Permaculture at the Derbyshire Ecocentre Summer Fair

By Permaculture Ambassador and member Mike Hutchinson

Mike Hutchinson and Matt Rawlson sharing permaculture with attendees at Derbyshire Eco Centre Summer Fair!

"There is no such thing as bad weather, only different kinds of good weather." So said John Ruskin. Although I've always suspected that Ruskin made this observation from the comfort of a warm, dry drawing room, the idea does square nicely with permaculture ideas. And on the day of the Derbyshire Ecocentre’s Summer Fair, the weather was, well... different.

We had been allocated a plot, between a stall letting people experience dry stone walling and a young man who was a tree surgeon but who also made some really lovely products from green wood.

Once our gazebo was up and leaflets secured inside A4 plastic sleeves, we were all set up. The rain crept in around the edges but we soon forgot about it. My colleague for the day, Matt Rawlston, had made the short journey from Mansfield with a selection of tools he’d made, using old and discarded items. These included his magnificent ‘cargo’ bike; a long-wheelbase version with a flat wooden platform at the rear and a range of 'safety' axes.

Use and value renewable resources and services: new tools from old

Matt's collection of items, many finished in a bright yellow, drew people to the stand. The safety axes in particular, intrigued people and following quick demonstrations all agreed that they were a very good idea. (The axes are made by reducing the length of old bolsters, then sharpening the blade. The handle fits into a ready-made hole in a log. Chopping is essentially reversed, with wood placed onto the blade then tapped down with a hammer, thus keeping fingers nicely out of the way.)

Matt talks to attendees about his safety axes.

Describing how these once discarded tools had been given a new lease of life then led easily into a discussion of permaculture in a broader sense. Some visitors had heard of permaculture; others hadn't. Whatever the level of knowledge, we had some interesting conversations ranging from the ethical principles via no-till gardening, composting and soil structure to forest gardens.

Display with cargo bike, safety axes, three sisters pot and broadfork.

Although still in their early stages of growth, the trio of plants I'd taken along in a pot - corn, beans and squash - let us illustrate how applying permaculture design means we can get so much more out of the individual elements. Perhaps the 'three sisters' combination doesn't always work out as well in Britain as in the Americas, but it makes an interesting talking point. People really do get the idea of how permaculture design gives you increased resilience.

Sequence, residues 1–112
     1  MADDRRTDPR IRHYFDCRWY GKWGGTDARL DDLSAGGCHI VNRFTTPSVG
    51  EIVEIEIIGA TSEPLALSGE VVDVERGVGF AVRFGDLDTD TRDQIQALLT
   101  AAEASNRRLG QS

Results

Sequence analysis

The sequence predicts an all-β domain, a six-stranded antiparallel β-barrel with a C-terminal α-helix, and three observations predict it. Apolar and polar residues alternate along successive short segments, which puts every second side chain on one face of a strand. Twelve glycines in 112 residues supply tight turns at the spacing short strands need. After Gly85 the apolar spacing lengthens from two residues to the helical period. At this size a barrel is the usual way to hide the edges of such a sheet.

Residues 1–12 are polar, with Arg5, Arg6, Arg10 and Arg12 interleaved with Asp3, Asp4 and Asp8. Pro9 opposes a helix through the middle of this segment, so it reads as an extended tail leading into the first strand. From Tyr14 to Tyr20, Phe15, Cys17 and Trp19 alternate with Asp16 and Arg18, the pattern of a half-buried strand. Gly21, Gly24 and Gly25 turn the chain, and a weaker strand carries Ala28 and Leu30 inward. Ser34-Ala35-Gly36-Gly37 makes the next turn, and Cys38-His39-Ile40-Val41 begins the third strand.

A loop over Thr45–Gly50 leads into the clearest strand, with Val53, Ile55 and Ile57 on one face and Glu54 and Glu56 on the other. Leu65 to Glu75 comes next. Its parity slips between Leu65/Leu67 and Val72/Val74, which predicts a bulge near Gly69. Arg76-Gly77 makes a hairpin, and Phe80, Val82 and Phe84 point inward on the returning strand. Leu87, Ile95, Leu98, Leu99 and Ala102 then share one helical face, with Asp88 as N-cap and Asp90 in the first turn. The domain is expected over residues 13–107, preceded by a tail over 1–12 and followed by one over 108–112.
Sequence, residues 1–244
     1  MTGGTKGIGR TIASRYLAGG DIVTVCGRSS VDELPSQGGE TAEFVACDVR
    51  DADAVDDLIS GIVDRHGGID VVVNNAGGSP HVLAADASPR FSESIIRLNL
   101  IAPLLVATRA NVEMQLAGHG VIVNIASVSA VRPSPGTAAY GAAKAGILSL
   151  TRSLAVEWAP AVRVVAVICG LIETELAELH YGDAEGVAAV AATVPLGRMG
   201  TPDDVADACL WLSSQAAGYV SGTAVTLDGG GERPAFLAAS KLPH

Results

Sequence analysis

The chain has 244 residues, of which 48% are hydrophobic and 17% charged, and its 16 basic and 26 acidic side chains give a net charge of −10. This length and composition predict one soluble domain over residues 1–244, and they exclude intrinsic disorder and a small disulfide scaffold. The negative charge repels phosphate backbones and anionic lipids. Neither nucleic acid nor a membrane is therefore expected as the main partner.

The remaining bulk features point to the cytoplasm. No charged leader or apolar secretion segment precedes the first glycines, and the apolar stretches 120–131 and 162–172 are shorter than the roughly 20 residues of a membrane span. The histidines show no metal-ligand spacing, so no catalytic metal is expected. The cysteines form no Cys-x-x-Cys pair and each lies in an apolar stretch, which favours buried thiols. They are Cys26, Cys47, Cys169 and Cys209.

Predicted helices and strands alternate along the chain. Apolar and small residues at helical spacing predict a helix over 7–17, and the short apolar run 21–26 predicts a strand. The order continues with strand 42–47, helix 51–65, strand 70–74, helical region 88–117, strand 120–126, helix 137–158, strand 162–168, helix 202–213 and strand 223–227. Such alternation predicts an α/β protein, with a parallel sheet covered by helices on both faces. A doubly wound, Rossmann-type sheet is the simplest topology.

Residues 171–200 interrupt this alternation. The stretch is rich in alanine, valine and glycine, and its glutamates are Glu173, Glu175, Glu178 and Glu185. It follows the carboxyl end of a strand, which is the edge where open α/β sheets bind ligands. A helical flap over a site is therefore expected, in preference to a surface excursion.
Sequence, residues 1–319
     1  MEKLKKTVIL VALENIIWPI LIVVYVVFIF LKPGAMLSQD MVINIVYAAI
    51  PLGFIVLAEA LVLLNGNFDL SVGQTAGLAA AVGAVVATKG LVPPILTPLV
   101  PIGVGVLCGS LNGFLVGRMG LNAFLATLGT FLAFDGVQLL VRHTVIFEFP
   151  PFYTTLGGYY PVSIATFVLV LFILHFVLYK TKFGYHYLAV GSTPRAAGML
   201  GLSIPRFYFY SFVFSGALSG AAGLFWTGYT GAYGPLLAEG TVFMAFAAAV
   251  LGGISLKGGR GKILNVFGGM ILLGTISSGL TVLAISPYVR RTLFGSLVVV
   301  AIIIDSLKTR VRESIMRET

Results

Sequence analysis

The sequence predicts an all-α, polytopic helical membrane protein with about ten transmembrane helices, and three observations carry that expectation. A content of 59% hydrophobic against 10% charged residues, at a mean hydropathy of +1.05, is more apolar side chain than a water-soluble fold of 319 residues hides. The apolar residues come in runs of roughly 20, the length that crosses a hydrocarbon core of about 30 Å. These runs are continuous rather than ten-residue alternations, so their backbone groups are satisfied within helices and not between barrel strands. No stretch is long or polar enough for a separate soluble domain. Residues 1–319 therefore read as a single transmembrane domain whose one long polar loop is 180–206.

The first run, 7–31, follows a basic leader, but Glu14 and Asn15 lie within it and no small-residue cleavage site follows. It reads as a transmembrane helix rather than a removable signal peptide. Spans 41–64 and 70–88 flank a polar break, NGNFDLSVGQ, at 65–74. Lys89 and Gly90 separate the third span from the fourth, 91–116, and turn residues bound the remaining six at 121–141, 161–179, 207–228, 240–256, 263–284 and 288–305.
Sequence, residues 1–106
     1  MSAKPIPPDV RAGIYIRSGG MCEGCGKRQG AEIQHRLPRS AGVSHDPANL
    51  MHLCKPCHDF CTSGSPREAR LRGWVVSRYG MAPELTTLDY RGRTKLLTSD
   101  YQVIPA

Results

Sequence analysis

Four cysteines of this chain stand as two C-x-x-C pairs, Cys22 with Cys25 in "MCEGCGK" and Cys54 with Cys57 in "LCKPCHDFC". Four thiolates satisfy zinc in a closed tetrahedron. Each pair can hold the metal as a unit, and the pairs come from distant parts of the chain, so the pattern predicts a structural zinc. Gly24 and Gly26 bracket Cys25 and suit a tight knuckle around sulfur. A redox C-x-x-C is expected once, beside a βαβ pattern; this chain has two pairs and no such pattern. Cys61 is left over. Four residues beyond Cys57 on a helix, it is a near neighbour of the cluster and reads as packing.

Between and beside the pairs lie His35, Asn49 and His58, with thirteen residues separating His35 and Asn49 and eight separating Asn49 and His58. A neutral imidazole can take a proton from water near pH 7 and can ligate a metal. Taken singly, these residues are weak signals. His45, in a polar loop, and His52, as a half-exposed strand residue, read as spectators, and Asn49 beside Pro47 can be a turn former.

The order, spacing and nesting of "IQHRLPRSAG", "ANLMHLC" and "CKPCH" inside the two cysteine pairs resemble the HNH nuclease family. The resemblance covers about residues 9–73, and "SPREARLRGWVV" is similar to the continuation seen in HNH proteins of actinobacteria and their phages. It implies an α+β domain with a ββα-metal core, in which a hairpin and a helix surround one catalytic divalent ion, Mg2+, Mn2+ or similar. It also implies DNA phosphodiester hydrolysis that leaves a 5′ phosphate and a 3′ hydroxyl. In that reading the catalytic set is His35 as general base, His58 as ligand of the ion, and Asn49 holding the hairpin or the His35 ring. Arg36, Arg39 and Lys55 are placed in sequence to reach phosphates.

Example of the very fuel efficient jet stove.

The other aspect of my 'three sisters' was that they were in a 'wicking' pot. Okay, this wasn’t the best of days to show a pot that has a built in reservoir but the idea was easy to get across - and given the rainfall, I could demonstrate the drainage holes easily.

Matt had also brought two jet stoves with him that he'd made from recycled steel fence posts. Given the weather it would have been great to have had one lit, but for safety reasons this obviously wasn't possible. People were genuinely interested in the stoves and we were able to discuss their benefits, including how the spread of efficient rocket stoves in the Global South can improve people's health.

After the samba band stopped and the last visitors had left we took the gazebo down and packed everything away. Overall, it had been a good day, which seemed to pass quite quickly - always a good sign, I think. And despite the rain, which was now falling harder again, and despite its obvious effect on visitor numbers, we agreed that it had been successful.

A decent number of people had stopped to look at the stand and we'd been able to talk about permaculture. And had John Ruskin visited the Ecocentre on Saturday, I think he would have definitely stopped at the permaculture stand - whatever the weather.

Share the benefits of permaculture

If you, like Matt and Mike, would like to share the benefits of permaculture with your local community, find out how you can get involved here.

There are many ways of helping to spread the word about permaculture, whether it be by giving a gift membership to a friend, signing up to hear about opportunities via 'Ambassador Alerts', starting a local permaculture group, or writing a blog post about how you apply permaculture to your everyday life. We'd love to hear from you, so get in touch!